Part 4/5: Overview scientific studies

In the following five contributions, we will explain the differences between humic substances, charcoal and clay minerals, which are often equated by their appearance. Parts 1, 2 and 3 have already described the development, extraction and modes of action of these substances. In this fourth part we will discuss their results in scientific studies.

 

Humic substances

Humic substances are an outgrow of humification processes from organic material. The term humic substance covers a broad field of meanings and is often used interchangeably. Effects in animal nutrition are difficult to compare due to varying qualities and products as well as inadequate specifications.For this reason, even scientific studies are difficult to classify. In pigs, WANG et al. (2008) show that daily gains and feed conversion were significantly increased by feeding humic substances. JI et al. (2006) found significantly improved gains and feed conversions only in individual feeding sections. In broilers, the use of simple humic substances had a significant effect on the feed intake. The other performance parameters did not differ (KARAOGLU et al., 2004). In the study by RATH et al. (2006), the daily weight gain and feed conversion of broilers were significantly reduced by the use of humic substances. The contradictory results may differ due to varied qualities of humic substances.

 

Clay minerals

A variety of clay minerals of different qualities are approved as component in animal nutrition. Accordingly, the classification is quite difficult. Scientific studies have shown that clay minerals can prevent diarrhea in weaned piglets (SONG et al., 2012, TRCKOVA et al., 2009, VONDRUSKOCA et al., 2010). Because of this, several attempts have been made to increase the willingness of pigs to perform by using different clay minerals. This could be demonstrated in piglets (TRCKOVA et al., 2009), however in the majority of the studies no performance increases could be confirmed (CHEN et al., 2005, PRVULOVIC et al., 2007, THACKER et al., 2003).

 

Charcoal

Several studies have already been carried out about charcoal in pig and broiler feeding (CHU et al., 2013, JIYA et al., 2014, KANA et al., 2001, SUNG et al., 2006). The results were partly contradictory. Significant increases in performance have been occasionally made out. Often, however, no difference was noted. The comparability of the studies is difficult, as the charcoal used and the dosages differ.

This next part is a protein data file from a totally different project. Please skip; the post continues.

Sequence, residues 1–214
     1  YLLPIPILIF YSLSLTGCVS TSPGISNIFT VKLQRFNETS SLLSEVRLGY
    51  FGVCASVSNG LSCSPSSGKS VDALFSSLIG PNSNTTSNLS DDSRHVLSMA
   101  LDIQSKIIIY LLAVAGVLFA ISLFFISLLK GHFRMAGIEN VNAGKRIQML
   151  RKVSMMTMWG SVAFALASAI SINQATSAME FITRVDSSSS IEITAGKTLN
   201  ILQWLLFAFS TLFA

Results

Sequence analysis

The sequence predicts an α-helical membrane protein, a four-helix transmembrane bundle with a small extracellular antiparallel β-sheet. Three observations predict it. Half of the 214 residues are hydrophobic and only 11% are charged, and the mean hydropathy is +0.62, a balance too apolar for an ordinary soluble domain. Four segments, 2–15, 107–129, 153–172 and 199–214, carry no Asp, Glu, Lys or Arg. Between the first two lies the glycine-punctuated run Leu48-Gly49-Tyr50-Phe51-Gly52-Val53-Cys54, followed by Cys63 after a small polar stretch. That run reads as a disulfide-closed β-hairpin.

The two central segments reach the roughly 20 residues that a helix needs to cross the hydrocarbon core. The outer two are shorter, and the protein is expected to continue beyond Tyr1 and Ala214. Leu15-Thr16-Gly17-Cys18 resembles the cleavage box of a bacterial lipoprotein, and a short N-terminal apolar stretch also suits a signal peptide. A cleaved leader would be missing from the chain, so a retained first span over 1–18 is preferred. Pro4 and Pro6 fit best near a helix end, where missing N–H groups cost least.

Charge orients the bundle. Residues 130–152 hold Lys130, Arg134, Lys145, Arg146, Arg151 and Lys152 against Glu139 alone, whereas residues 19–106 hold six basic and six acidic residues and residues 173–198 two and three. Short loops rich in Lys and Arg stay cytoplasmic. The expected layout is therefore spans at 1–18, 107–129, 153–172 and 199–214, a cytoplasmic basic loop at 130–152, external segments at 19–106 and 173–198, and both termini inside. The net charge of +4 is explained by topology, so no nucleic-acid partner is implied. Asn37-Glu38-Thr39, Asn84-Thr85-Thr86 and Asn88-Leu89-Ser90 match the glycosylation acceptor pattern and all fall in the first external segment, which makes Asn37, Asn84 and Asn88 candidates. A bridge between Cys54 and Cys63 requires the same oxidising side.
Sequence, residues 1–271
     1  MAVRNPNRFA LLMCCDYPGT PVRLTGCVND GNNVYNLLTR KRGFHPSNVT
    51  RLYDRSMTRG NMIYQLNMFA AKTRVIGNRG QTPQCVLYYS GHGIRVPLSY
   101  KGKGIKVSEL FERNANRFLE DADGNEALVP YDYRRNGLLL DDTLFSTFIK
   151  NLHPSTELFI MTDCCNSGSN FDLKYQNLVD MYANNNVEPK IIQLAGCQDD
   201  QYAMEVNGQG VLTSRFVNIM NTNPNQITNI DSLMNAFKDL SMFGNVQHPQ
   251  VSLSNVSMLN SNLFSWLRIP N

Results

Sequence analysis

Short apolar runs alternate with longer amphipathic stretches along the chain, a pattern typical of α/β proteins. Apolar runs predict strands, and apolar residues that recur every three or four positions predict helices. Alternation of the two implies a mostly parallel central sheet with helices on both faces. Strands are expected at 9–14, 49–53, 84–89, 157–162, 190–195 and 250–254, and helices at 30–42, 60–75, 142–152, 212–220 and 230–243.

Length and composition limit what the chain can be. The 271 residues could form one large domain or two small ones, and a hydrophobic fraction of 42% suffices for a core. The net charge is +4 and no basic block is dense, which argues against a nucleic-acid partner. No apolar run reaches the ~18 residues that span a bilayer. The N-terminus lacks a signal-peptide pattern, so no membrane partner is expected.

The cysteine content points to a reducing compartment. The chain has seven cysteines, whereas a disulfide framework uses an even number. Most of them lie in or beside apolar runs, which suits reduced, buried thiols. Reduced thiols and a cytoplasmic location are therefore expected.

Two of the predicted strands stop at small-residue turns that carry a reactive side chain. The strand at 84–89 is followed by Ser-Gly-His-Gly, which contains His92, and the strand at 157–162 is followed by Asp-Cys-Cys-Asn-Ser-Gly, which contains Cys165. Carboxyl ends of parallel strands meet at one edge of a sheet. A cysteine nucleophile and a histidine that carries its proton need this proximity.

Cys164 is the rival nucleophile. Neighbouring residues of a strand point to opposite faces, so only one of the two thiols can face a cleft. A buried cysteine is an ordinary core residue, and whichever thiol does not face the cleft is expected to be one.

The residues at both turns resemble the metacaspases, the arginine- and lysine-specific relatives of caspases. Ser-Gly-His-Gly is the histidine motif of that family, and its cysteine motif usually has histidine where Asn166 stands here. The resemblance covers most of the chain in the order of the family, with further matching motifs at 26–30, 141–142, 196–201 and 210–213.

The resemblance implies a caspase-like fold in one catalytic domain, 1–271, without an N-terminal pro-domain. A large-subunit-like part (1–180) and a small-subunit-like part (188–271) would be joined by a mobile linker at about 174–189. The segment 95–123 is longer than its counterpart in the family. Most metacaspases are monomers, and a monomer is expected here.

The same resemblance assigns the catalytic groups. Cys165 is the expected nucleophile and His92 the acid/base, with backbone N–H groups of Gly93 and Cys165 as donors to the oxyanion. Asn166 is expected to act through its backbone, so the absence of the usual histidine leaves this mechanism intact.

WH67®

The product WH67® has been researched for more than 50 years and since then has been continuously developed and optimized. Numerous studies prove the effectiveness on the basis and practice level. A study by GERLACH et al. (2014), for example, shows that the use of WH67® has significantly better effects on minimizing C. botulinum than charcoal (see figure 1). BARTHMANN (2002) and LEIDEL (2016) showed significant increases in milk yield and positive effects on the health of dairy cows. The investigation by LÜTKE-DÖRHOFF et al. (2017) shows that the feed addition of WH67® can significantly increase daily gains and feed intake in high-performing piglets in a good health status. Please find more information about this study here: https://www.gites-gmbh.de/en/publication-humic-acids-in-animal-feed/

 

Figure 1: Effects of WH67® and biochar on the inhibition of C. botulinum (GERLACH et al., 2014)

Conclusion

Scientific studies show that the use of humic substances, clay minerals and charcoal in animal nutrition can have positive and occasionally also negative effects on various parameters. However, the results are not always comparable and sometimes contradictory. It comes out that the success of a product depends very much on its standardization and quality. If this does not happen, even negative effects can occur. Our product WH67® is a fully standardized product that has been researched and developed for more than 50 years and has been proven to increase animal performance and vitality.